Nigeria’s federal government has explained that the exit of pharmaceuticals from Nigeria was due to the non-domestication of their products in the country.
The Minister of State for Health and Social Welfare, Dr. Tunji Alausa, made this disclosure at a World Cancer Day symposium organised by Project Pink Blue with the theme: “Economy, Tax and Cancer Control: The Exit of Pharmaceuticals from Nigeria” held in Abuja, on Tuesday.
He further dismissed reports making the rounds that the reason behind pharmaceutical companies exit from Nigeria was because of difficulty in doing business, stating emphatically that it was not the case.
According to him, “We have to change this narrative of companies leaving our country because of difficulty of doing business, that’s not correct. Let’s face the fact, Nigeria is endowed with abundance of manpower.
“If you go to any advanced democratic nation, the biggest chunk of any operating cost to run a business is personnel, we have it in abundance in Nigeria, at a very reasonably and cheap rate.
“These pharmaceutical companies left because we have pharmaceutical laws. There’s a NAFDAC policy of 5+5, after you have marketed drugs for five years, they are expected to domesticate their production.
“They didn’t domesticate their production, so they continued to market for decades. Now we’re reviewing our pharmaceutical laws to ensure we are not in this bad situation again.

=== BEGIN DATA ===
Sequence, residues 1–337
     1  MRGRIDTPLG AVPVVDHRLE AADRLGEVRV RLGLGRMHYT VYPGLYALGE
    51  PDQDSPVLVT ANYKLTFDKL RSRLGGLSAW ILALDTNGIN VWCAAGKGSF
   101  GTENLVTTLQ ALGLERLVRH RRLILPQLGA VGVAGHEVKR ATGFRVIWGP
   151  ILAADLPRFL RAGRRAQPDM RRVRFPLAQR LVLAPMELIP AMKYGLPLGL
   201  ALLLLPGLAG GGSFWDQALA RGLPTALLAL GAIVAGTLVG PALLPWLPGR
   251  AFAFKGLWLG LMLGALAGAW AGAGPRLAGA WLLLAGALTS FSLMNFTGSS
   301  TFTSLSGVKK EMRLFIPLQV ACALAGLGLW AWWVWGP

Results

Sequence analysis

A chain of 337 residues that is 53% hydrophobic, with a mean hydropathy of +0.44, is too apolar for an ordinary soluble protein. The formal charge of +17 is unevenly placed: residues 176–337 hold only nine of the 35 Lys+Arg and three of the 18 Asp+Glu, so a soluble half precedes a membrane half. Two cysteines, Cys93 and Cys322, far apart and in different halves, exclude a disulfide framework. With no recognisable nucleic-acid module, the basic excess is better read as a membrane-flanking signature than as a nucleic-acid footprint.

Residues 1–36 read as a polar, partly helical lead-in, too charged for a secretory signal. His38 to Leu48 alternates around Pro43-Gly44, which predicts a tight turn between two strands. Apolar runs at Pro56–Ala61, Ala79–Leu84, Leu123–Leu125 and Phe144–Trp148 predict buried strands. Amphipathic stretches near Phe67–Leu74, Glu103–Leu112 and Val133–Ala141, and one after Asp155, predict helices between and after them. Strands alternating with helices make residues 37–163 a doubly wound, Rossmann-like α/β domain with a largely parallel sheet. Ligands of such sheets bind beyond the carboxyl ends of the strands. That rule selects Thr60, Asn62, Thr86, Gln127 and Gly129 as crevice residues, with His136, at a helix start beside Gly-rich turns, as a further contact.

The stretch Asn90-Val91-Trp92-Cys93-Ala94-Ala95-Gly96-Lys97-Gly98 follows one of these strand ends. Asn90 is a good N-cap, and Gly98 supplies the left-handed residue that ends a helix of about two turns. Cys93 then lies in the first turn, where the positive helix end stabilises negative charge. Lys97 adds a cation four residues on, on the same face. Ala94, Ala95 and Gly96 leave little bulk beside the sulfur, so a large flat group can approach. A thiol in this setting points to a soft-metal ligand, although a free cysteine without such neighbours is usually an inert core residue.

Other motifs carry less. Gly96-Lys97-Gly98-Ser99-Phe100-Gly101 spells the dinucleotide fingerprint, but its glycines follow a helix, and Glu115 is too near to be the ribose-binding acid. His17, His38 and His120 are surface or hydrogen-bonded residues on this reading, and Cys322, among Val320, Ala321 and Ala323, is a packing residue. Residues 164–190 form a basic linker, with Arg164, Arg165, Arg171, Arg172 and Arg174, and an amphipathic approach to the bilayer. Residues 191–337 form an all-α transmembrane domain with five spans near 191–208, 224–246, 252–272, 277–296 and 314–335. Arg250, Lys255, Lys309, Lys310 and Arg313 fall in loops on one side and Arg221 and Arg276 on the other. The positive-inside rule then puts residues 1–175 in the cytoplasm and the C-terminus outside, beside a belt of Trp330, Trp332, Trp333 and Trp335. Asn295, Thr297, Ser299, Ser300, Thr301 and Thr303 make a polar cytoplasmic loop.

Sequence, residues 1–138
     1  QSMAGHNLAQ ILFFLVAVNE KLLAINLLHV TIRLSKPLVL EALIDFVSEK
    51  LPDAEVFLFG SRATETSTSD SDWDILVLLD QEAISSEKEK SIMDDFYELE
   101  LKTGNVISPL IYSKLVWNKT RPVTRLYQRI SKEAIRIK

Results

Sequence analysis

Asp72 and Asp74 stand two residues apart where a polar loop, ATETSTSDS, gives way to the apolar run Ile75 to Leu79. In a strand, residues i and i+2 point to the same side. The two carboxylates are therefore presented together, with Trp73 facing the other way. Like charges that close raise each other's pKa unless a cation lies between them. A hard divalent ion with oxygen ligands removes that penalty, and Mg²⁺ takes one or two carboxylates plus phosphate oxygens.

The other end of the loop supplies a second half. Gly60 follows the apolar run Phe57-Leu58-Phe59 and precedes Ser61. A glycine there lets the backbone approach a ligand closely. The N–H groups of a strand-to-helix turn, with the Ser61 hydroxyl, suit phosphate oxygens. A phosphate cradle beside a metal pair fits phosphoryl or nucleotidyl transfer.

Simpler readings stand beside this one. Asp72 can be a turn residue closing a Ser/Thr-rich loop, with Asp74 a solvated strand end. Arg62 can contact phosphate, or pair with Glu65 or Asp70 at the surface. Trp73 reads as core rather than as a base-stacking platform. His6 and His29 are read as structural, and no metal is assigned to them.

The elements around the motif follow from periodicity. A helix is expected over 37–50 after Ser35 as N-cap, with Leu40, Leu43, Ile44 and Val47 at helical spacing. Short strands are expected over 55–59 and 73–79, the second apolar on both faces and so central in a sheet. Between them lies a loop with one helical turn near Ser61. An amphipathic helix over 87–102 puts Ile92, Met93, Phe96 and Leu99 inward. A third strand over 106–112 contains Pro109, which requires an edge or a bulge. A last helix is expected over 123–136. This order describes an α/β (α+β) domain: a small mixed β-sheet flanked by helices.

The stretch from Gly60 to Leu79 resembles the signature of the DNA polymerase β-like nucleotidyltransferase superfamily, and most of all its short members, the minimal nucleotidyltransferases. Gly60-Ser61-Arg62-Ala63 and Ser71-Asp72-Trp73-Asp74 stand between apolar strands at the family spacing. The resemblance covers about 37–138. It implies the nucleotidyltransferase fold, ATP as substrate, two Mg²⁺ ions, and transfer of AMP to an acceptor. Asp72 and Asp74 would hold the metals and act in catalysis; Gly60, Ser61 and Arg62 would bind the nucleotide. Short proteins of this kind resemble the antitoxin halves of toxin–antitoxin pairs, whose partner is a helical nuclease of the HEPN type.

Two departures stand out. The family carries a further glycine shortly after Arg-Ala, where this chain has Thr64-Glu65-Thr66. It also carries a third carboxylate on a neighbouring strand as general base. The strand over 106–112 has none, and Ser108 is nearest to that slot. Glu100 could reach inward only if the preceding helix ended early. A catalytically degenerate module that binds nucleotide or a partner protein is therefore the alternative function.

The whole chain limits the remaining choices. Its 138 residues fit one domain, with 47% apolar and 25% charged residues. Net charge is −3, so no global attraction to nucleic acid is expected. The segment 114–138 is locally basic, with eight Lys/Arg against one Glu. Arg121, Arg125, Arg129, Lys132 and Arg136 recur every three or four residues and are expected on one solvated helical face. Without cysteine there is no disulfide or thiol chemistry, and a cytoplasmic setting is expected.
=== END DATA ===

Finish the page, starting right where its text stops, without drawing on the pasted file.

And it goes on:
“As companies are leaving, the country is ripe for investment, other companies will come, we have abundance of opportunities here to manufacture. We have a population of 220 million, that’s a big consuming population.
“There’s a new interest in coming back to the country. We have President Bola Ahmed Tinubu that is quickly working out the ease of doing business in the country. Our country is going to become the destination of investors in the nearest future, the policies are being put together.
“So when a few companies exit, we shouldn’t be worried, we are working to encourage more companies to come in the country and we are also domesticating and enhancing our pharmaceutical companies to fill those gaps.”
Alausa beseeched Nigerians that the federal government was empathetic towards the rising cost of pharmaceuticals and consumables in the country and that executive orders will be issued to that effect.
He said, “I feel the pain of Nigerians, President Bola Ahmed Tinubu feels the pain of Nigerians especially with this high cost of pharmaceuticals and consumables. But Tinubu has moved so quickly to palliate these high cost of pharmaceuticals and consumables so that in the near future, the citizens will begin to enjoy reasonable significant reduction in prices.
“What we’ve done at the last Executive Council meeting, Tinubu made sure we discussed what needed to be done in immediate, short term and long term solutions to these problems.
“The immediate solution we said was that Tinubu will be coming up with a set of executive order. As you know executive orders are laws to support pharmaceutical companies so that prices will come down and citizens of our country will begin to see the benefit of all this.”
On his part, Executive Director, Project Pink Blue, Runcie Chidebe, emphasised the importance of the symposium, saying it was due to the suffering of patients and called for a decentralisation of cancer control in Nigeria.